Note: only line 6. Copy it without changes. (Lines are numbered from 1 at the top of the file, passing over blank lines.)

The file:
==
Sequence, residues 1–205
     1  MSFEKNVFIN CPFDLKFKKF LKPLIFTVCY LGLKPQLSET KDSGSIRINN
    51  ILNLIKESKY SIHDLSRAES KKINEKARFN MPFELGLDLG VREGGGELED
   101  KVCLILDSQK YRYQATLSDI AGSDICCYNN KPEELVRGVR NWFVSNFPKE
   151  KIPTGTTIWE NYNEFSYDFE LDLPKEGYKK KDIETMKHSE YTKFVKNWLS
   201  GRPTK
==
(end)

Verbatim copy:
   201  GRPTK